Mklesson is simply a program which takes as input a file called a ``lesson file'' (with the file extension .les). Mklesson produces a large set of WWW files in HTML format (with the file extension .htm or .html). You can create or modify the .les file using whatever text editor you prefer, and then run mklesson. The resulting HTML format files can then be used by tutorial users.
First, some terminology. Mklesson considers a tutorial to be a set of two or more lessons, numbered 1, 2, 3, etc. Each lesson consists of two or more sections, again numbered 1, 2, 3, etc. A section may optionally end with a question. Each section with a question has two or more responses to that question, each of them numbered 1, 2, 3, etc. Mklesson requires that exactly one response is correct; the rest are incorrect.
To invoke mklesson once it's installed, type:
mklesson lesson1.lesreplacing '1' with whatever the number of your lesson is.
Since "mklesson" is a Perl 5 program, you'll need to make sure your computer knows to invoke perl when running mklesson. If you can't talk your computer into doing that (it's automatic on Unix systems), try the following (change "perl" below to the full filename, or add the perl directory to your "path"):
perl mklesson lesson1.les
Mklesson will create the following files in the current directory:
For each section: sLESSON-SECTION.htm For each response: sLESSON-SECTIONrRESPONSE.htm For each lesson outline: lessonLESSON.htm For each processed file: lessonLESSON.tim (as a timestamp)where LESSON is the lesson number, SECTION is the section number, and RESPONSE is the response number for a given question.
Mklesson requires that the current directory contain the file "template", which provides mklesson with formatting information (how to generate the lesson sections, responses, and outline). You can edit this "template" file to give your tutorial a different look-and-feel, and/or to generate tutorial formatting for languages other than English (see the French template, for example).
Mklesson also uses the file "default" if it exists to set certain default values. If you are creating lessons for an existing tutorial, use the "default" and "template" files used by the tutorial creator. If you're creating lessons for an existing tutorial you will also need to set the PREVIOUS_LESSON and NEXT_LESSON location so that users can go backward and forwards to connected lessons.
Mklesson only changes files that ACTUALLY changed; thus, it's possible to run mklesson and not change any files. If no files are changed, that means that the lesson file, template file, and default file did not change enough to cause a change in the generated files.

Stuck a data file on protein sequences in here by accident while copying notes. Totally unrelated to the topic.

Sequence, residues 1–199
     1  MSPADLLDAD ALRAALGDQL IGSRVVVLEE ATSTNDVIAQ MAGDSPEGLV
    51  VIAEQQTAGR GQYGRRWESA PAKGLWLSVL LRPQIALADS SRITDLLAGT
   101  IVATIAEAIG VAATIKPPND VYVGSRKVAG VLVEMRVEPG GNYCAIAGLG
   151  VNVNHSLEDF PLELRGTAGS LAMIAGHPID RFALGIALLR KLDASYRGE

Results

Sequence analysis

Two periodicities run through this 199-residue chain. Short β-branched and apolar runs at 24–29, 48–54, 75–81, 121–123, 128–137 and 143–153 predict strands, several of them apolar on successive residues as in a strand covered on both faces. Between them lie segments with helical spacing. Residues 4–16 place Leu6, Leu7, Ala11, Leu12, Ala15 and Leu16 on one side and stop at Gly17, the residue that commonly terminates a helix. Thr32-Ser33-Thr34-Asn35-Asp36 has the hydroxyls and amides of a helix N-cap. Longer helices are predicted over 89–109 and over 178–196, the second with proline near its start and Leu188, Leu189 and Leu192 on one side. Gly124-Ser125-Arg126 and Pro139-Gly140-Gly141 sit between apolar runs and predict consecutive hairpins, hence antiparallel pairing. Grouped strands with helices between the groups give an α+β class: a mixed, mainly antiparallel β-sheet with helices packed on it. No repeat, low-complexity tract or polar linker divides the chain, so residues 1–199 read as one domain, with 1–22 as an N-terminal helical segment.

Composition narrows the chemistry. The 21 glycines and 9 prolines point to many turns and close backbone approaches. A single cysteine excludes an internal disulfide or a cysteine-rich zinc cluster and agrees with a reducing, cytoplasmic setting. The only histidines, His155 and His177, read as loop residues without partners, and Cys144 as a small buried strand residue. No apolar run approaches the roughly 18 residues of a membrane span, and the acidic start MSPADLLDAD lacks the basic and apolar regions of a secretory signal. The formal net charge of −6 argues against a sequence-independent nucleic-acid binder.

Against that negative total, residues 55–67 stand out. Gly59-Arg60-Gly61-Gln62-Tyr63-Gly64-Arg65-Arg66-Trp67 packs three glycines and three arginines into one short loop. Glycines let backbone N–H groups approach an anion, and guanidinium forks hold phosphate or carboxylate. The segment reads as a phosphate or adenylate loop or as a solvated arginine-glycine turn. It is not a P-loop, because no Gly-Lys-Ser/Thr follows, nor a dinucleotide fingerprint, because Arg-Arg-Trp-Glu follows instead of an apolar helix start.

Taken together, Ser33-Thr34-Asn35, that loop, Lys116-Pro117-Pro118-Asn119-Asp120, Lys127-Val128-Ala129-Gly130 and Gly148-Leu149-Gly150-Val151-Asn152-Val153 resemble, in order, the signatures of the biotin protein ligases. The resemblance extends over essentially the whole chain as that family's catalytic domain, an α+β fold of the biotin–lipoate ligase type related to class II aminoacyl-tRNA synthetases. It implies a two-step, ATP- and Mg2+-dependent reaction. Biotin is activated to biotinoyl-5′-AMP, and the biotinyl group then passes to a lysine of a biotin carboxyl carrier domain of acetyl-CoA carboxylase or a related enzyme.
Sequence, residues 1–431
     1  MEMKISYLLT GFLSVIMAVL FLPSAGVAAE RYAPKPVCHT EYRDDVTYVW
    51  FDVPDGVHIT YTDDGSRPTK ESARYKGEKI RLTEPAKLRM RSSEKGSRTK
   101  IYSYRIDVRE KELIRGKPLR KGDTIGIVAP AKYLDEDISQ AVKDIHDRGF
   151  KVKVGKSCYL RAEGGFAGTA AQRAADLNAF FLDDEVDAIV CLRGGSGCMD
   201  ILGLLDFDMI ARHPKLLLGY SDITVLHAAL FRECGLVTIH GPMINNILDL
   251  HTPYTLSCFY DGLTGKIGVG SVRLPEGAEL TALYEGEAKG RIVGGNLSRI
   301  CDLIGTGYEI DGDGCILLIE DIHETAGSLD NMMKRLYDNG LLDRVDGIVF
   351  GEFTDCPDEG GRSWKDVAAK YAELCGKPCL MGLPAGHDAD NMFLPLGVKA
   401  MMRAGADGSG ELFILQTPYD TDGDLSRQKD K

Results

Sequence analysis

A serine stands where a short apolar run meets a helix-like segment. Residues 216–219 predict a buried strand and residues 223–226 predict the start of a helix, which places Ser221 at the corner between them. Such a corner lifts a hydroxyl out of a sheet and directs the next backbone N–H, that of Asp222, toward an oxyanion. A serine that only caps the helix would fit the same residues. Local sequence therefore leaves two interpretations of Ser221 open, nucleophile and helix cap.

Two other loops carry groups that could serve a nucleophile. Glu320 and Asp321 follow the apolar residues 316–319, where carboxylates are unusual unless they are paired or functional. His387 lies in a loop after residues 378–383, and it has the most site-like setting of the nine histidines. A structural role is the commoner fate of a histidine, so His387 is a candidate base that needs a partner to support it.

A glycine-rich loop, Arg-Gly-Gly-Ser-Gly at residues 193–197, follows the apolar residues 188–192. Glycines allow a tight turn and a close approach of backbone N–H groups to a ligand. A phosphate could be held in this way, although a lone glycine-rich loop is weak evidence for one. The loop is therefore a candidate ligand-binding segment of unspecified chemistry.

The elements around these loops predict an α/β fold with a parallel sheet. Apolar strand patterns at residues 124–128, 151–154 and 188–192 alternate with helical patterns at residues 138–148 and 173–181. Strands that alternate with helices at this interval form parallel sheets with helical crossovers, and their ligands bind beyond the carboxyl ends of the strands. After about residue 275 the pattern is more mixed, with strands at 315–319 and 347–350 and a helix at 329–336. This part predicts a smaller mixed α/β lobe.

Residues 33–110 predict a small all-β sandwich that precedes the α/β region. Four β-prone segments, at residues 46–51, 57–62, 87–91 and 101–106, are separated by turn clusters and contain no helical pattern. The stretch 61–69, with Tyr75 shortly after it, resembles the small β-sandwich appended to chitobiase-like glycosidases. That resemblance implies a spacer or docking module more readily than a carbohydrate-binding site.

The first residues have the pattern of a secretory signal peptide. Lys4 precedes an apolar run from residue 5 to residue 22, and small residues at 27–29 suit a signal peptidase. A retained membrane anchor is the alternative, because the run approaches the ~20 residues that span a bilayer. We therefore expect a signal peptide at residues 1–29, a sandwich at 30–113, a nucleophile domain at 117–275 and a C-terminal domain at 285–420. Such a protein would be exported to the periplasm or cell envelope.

Mklesson does _NOT_ generate the "master outline" or the home page of the tutorial, nor any auxillary files; you'll need to create those files in other ways.
Another somewhat similar program is available that generates tutorials for WWW browsing. However, it's an HTTP server, and thus it requires you to change your HTTP server. This is difficult for many people to do (for example, for security reasons). Also, it doesn't support distributed tutorials like mklesson does. Mklesson's input format is intentionally similar to this other tutorial's to ease transition of lessons and people.
I've added a "-s" option; if you use this option, mklesson will generate "short" filename extensions (.htm instead of .html). This is especially useful for distributing portable CD-ROMs; the original ISO 9660 standard only permits 8+3 character filenames, and different operating systems unfortunately use different approaches for handling longer filenames. While using the "-s" option isn't strictly needed for MS-DOS machines (they'll just ignore the last character), it does make it easier because you can use the same filenames on all platforms.
A related option is the "-a" option, which uses "s" instead of dashes in the generated filenames. This is all in an effort to deal with CD-ROM filenames, which by the immorally shortsighted ISO standard don't even support dashes in filenames. Thus, if you're developing for CD-ROMs, you might want both the -a and -s options.
I've also added a "-b" option to permit generating hardcopy books and hypertext lessons from the same source. If you use the "-b" option, mklesson assumes that you're generating a book from the same source as the regular lesson. The "BOOK" variable will then be set, and therefore text inside "IFDEF BOOK" sections will be used. See the format information for about books.
If you're creating tutorial files for Lovelace (an Ada tutorial), talk to me first before starting, and read the guidelines for helping to expand Lovelace.
To install mklesson on your machine, create a new directory, download the collection of mklesson-related files into that directory, then gunzip and untar it. On many machines, the command to gunzip a file is "gunzip mklesson.tar", and the command to untar a file is "tar xvf mklesson.tar", You will then find a big set of files, including mklesson (the program). Next, install the program perl if it's not already installed (you'll need perl version 5 or later). Copy the file `blank.les' into a new lesson filename, and you're ready to go.
As noted above, mklesson requires a specific input format called the lesson file (.les) format. More information on the lesson file (.les) format is available.
You can also:
This page last modified on 29-Apr-1998.
David A. Wheeler (firstname.lastname@example.org)